Touting it as an oasis of entrepreneurship in a neighborhood that lost much of its commercial base during the riots, civic leaders Tuesday opened a new retail center in South Los Angeles--the first project approved under a post-riot city ordinance designed to accelerate the rebuilding process.
Paradise Market, on South Broadway at 52nd Street, was unveiled at a ceremony designed to promote entrepreneurship in South Los Angeles.
The $1-million project is the brainchild of Richard Riordan, a lawyer and venture capitalist who enlisted the support of Rebuild L.A., the task force charged with revitalizing sections of Los Angeles damaged in the riots.
"Our desire is to empower this community by encouraging local ownership of small- and medium-sized business," Riordan told an opening-day crowd of about 100 that included Rebuild L.A. Chairman Peter V. Ueberroth, local government officials, business owners and activists representing black, Latino and Asian-American organizations. "Paradise Market is a living symbol of this effort. Welcome to Paradise."
Thus far, 15 merchants have answered the call--each agreeing to pay rent of $250 per month for 150-square-foot booths. About half the 32,000 square feet of space at the market has been rented.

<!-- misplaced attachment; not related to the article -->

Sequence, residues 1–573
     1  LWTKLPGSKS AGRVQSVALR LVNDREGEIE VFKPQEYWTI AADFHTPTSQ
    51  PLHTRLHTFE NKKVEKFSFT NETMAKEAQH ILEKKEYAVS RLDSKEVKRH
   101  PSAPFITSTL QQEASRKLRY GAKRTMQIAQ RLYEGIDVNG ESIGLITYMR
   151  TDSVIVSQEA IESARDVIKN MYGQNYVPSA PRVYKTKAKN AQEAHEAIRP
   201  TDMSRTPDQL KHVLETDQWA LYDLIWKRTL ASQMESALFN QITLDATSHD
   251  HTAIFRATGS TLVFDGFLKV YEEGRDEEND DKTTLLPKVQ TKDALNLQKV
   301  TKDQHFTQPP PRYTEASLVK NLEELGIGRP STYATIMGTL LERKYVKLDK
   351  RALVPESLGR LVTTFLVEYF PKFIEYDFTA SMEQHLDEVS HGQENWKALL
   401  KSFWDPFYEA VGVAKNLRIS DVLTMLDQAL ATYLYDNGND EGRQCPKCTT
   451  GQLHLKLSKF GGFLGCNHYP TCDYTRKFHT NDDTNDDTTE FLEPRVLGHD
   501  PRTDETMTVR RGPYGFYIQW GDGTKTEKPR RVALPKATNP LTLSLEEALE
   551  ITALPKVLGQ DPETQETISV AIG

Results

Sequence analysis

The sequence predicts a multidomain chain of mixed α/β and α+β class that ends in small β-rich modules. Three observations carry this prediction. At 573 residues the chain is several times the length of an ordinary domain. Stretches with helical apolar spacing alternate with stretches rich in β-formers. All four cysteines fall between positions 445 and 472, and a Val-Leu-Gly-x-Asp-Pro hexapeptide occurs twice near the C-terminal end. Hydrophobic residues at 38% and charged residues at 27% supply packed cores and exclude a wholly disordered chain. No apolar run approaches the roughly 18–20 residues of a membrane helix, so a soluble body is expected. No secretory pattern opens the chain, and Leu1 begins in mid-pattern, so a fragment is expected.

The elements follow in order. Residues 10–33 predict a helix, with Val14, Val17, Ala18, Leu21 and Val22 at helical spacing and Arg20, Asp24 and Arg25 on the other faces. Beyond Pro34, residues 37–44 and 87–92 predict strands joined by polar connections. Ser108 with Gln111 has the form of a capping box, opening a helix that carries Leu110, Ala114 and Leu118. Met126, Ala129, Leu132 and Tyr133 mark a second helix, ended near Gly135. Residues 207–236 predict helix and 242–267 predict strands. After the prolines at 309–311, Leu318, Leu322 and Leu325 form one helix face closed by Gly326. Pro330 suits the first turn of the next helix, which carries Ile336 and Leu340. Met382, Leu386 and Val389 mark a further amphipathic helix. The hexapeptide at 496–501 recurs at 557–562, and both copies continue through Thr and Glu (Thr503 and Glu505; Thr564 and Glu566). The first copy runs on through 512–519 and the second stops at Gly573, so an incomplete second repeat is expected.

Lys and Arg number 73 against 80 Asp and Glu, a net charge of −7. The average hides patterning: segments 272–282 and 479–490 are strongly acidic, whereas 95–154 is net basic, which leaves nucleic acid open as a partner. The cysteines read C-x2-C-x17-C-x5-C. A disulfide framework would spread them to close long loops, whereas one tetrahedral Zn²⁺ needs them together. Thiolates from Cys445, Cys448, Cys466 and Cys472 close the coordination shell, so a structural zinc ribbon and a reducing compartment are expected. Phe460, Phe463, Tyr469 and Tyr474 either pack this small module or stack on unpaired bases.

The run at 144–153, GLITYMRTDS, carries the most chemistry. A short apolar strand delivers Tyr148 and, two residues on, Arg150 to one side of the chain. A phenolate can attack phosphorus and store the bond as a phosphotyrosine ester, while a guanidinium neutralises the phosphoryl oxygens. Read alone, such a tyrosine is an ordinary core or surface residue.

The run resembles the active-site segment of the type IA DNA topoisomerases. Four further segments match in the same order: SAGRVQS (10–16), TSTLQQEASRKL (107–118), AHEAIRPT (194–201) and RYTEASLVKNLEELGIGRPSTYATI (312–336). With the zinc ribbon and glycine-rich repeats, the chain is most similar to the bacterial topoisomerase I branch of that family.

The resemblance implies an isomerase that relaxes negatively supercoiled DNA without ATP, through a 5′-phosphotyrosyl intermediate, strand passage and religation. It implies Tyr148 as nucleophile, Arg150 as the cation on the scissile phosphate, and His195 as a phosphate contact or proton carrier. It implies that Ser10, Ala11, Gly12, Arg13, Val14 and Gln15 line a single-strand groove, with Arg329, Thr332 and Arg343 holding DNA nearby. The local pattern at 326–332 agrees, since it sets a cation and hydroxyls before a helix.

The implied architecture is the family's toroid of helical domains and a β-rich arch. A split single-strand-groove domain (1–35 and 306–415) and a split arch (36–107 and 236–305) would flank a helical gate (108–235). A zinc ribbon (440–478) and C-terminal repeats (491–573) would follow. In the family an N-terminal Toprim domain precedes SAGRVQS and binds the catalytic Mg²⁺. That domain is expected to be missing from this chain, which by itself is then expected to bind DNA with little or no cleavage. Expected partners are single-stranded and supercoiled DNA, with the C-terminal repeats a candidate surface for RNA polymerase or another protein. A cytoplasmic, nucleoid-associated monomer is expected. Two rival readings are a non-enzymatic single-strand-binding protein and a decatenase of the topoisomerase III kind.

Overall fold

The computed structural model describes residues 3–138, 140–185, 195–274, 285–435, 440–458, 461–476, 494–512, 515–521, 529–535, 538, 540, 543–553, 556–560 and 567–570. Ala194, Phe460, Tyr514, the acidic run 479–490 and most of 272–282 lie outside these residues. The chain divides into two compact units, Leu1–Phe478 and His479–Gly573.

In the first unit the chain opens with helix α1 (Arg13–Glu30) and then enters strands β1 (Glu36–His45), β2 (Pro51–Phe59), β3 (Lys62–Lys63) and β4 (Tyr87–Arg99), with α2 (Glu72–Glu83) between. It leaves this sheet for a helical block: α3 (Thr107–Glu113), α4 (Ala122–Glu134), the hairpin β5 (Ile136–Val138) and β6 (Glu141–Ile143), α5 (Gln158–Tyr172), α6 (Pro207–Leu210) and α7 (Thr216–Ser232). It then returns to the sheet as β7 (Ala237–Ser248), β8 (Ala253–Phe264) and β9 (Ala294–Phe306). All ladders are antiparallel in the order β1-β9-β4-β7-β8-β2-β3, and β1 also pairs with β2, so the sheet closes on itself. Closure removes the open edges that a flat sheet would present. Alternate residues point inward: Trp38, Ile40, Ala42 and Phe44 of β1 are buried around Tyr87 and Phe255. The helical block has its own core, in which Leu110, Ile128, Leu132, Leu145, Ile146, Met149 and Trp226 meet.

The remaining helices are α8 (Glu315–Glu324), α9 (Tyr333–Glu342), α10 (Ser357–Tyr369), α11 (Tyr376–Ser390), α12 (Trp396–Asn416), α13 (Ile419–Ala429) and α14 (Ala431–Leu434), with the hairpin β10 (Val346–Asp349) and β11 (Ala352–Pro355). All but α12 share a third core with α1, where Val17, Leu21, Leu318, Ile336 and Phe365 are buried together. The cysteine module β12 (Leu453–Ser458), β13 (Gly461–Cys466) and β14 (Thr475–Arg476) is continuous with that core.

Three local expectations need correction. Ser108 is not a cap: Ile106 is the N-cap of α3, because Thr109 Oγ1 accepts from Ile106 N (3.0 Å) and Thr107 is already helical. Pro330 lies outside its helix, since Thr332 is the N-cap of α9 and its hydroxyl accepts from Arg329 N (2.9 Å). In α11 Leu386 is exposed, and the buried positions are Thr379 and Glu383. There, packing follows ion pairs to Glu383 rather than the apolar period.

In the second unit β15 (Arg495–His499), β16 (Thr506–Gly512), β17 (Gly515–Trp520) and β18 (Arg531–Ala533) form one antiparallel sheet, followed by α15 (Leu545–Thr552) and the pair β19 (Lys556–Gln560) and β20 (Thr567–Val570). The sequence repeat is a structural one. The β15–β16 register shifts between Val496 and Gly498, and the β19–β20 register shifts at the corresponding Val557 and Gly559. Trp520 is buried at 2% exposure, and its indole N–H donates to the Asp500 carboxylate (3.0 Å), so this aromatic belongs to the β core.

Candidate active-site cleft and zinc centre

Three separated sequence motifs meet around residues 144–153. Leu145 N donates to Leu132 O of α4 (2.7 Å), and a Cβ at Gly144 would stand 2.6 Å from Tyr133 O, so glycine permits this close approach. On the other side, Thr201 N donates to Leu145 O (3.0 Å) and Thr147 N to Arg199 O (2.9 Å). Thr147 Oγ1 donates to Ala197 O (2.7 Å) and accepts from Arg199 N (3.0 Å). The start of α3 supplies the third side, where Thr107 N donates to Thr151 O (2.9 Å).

Tenants include merchants offering ethnic food, clothing, toys and leather goods. Among the retailers is La Habra-based Food 4 Less supermarkets, which opened a 1,500-square-foot mini-market that offers fresh produce and canned and bottled goods. Rebuild L.A. encouraged Food 4 Less to locate at the site.
Toy maker Mattel Inc. is there but won't be selling Barbie dolls. The El Segundo company's Mattel Foundation has established a "learning center" at Paradise that will offer day care and educational programs for children, youths and adults.
In addition, the Watts Health Foundation, a medical services organization, opened a mobile medical unit at the complex.
Riordan said he selected Broadway and 52nd because 45 businesses within one square mile of the site were destroyed during the riots. A burned-out commercial site--one of many charred properties in the area--is across the street.
The retail center is on land owned by Paradise Baptist Church, which is next to the new business site. Any profit from rental charges will be used to fund business training programs, such as financial planning classes, for Paradise merchants, said James V. Burks, an administrator with the city of Los Angeles who will serve as project manager.
Some of the profit would also be used to repay Riordan, who personally loaned $300,000 to help finance the project. The Riordan Foundation, his philanthropic organization, provided a grant. The Weingart Foundation and 100 Black Men of Los Angeles, a civic group, also made donations.
Paradise Market was the first project to be approved under an ordinance designed to accelerate the city of Los Angeles' construction permit process, a measure approved last May.